Perpetual Spinach










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Care & Harvest

💡Temperature: Prefers cooler temperatures (60-70°F).


✂️ Pruning: Check the roots monthly and trim any that are brown or extending past the yPod. Snip any yellow or brown leaves if they appear.


🥬 Harvest: For ongoing harvest, snip the outer leaves just above the base of the plant once they reach at least 2-3 inches tall to let the inner leaves continue to grow. Don’t cut more than 1/3 of the plant if you want it to keep growing. For a one-time harvest instead, wait for the plant to reach maturity, then cut at its base.

Quick Facts

Perpetual Spinach is in the same family as chard and beets, but it has distinctive differences. Perpetual Spinach is an heirloom variety that likely originated in England.

The flavor of Perpetual Spinach closely resembles that of traditional spinach rather than chard. Its leaves share a visual resemblance to spinach as well, being flatter and more pointed than chard, accompanied by slimmer stems. As its name suggests, Perpetual Spinach is also a continuous producer that is more tolerant of heat than traditional spinach, and it is a good source of vitamins K, A, and C plus folate.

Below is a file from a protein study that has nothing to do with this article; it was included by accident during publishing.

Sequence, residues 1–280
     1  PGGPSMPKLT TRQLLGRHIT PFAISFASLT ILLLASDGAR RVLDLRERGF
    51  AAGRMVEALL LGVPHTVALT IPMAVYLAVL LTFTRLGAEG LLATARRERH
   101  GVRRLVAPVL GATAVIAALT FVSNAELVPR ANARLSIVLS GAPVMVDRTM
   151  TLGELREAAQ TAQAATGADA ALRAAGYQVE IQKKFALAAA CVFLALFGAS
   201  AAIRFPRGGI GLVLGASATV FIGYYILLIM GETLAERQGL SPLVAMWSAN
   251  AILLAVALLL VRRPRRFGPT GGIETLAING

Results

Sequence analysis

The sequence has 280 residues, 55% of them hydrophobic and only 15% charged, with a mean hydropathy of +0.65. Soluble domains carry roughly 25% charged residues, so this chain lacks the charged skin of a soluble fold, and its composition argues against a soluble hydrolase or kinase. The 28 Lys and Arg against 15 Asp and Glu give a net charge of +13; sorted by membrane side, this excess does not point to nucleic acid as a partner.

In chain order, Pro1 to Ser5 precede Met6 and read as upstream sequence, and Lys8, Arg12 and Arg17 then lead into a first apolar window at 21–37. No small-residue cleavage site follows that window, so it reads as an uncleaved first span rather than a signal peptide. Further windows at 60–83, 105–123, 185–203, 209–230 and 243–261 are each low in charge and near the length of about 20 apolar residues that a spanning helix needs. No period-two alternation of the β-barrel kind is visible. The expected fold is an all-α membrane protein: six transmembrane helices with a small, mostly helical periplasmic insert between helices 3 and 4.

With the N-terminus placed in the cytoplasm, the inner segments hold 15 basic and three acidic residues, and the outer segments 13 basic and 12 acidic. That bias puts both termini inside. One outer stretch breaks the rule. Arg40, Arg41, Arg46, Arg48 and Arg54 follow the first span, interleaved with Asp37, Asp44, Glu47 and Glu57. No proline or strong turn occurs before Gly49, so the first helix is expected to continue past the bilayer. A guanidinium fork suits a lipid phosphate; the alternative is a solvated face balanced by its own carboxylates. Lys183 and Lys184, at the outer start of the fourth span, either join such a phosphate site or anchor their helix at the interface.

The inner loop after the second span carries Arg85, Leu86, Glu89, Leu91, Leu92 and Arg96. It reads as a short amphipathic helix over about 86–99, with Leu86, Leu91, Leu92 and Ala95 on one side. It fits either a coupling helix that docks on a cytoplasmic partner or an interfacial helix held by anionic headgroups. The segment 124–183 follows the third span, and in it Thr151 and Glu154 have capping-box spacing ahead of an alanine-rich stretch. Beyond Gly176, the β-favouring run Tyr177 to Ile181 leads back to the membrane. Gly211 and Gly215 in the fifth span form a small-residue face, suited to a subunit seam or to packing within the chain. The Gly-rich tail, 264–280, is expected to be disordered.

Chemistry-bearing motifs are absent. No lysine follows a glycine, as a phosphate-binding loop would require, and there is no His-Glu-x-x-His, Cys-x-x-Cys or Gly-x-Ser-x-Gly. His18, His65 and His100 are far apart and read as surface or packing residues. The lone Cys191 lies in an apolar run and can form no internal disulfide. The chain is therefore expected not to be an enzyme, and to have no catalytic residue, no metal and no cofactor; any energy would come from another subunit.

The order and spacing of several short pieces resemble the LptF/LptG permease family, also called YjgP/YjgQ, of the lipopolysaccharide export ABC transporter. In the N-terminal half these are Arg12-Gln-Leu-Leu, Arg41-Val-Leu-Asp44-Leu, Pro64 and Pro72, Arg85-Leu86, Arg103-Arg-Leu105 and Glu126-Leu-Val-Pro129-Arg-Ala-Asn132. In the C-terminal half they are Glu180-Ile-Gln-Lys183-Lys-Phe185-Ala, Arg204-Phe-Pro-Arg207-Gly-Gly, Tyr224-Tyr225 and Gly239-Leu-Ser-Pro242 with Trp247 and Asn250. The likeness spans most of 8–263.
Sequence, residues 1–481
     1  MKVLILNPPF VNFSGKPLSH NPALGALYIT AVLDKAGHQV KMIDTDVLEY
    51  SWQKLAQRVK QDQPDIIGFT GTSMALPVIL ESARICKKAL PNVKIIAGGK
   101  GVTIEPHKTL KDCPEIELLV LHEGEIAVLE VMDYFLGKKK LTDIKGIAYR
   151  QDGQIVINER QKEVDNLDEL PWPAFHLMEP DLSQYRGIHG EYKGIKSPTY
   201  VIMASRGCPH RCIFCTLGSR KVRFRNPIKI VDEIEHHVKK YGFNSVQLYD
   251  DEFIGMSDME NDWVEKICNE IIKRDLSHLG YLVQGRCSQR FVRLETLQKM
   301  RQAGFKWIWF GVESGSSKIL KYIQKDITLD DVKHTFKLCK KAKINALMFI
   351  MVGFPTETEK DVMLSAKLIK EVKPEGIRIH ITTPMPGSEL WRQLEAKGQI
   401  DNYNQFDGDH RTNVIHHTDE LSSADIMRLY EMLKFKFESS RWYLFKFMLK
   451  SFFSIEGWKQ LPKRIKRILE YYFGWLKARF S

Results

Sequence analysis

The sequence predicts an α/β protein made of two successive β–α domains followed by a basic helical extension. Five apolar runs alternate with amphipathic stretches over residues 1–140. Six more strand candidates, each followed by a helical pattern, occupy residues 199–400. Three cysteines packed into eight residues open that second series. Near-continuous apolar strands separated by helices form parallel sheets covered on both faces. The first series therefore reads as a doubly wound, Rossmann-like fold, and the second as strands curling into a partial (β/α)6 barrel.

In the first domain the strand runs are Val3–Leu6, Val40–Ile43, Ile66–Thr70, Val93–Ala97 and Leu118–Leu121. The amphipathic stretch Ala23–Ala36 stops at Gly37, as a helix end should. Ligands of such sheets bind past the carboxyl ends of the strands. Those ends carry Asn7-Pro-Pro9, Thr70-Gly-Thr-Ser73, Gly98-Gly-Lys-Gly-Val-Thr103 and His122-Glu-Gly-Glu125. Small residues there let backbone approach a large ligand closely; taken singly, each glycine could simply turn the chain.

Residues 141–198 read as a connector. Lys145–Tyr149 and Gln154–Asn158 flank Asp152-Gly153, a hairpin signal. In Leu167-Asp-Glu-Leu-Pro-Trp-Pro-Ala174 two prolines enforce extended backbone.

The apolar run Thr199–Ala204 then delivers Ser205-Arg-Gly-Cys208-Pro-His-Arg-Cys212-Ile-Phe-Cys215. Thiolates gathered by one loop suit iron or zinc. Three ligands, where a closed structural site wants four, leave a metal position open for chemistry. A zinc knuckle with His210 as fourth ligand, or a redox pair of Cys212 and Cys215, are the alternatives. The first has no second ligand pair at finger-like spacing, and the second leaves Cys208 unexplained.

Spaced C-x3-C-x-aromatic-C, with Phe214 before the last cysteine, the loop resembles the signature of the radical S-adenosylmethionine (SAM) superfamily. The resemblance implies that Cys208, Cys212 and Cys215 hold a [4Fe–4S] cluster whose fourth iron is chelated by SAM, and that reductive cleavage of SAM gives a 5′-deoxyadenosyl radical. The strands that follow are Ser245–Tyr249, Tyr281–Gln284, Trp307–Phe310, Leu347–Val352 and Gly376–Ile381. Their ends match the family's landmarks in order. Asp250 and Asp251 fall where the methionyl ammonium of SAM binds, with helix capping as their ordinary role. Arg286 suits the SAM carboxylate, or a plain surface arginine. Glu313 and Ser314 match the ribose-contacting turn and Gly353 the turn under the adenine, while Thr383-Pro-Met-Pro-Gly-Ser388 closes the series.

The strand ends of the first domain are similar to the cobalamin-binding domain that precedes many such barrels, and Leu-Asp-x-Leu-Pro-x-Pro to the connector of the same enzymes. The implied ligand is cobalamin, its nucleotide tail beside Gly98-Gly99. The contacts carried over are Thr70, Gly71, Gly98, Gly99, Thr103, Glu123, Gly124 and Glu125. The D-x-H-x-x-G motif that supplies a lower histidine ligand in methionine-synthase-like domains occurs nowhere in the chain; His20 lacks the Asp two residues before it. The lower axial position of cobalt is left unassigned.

As the flavor of Perpetual Spinach closely resembles spinach, it can be used in many of the same ways. Young leaves can be enjoyed raw in salads or on a sandwich while older leaves are great sautéed or added to soups and stews.

Harvest to Plate Recipe

How To Cook Perpetual Spinach


  • 2 tablespoons nuts, ideally toasted (pine nuts, slivered almonds, walnuts or cashews)
  • 1 clove garlic (or more if you really like garlic)
  • ¾ cup grated parmesan or Grana Padano cheese
  • 1 handful raw baby spinach leaves (either a small or big handful, it’s up to you)
  • 2 cups packed basil leaves (about 4 ounces)
  • ½ cup extra virgin olive oil (or slightly more to adjust the texture)
  • Salt, to taste


  1. In the bowl of a food processor, blend the nuts, garlic and grated cheese until very finely chopped.
  2. Add the spinach and blend for about 10 seconds until the leaves are very finely chopped (scrape down the sides of the bowl as needed)
  3. Add the basil, then put the lid back on the food processor.
  4. Slowly pour in the olive oil with the blade running, continuing to blend until the pesto reaches a consistency you like. If you’d like the pesto to be less thick, then add more olive oil.
  5. Add salt to taste.

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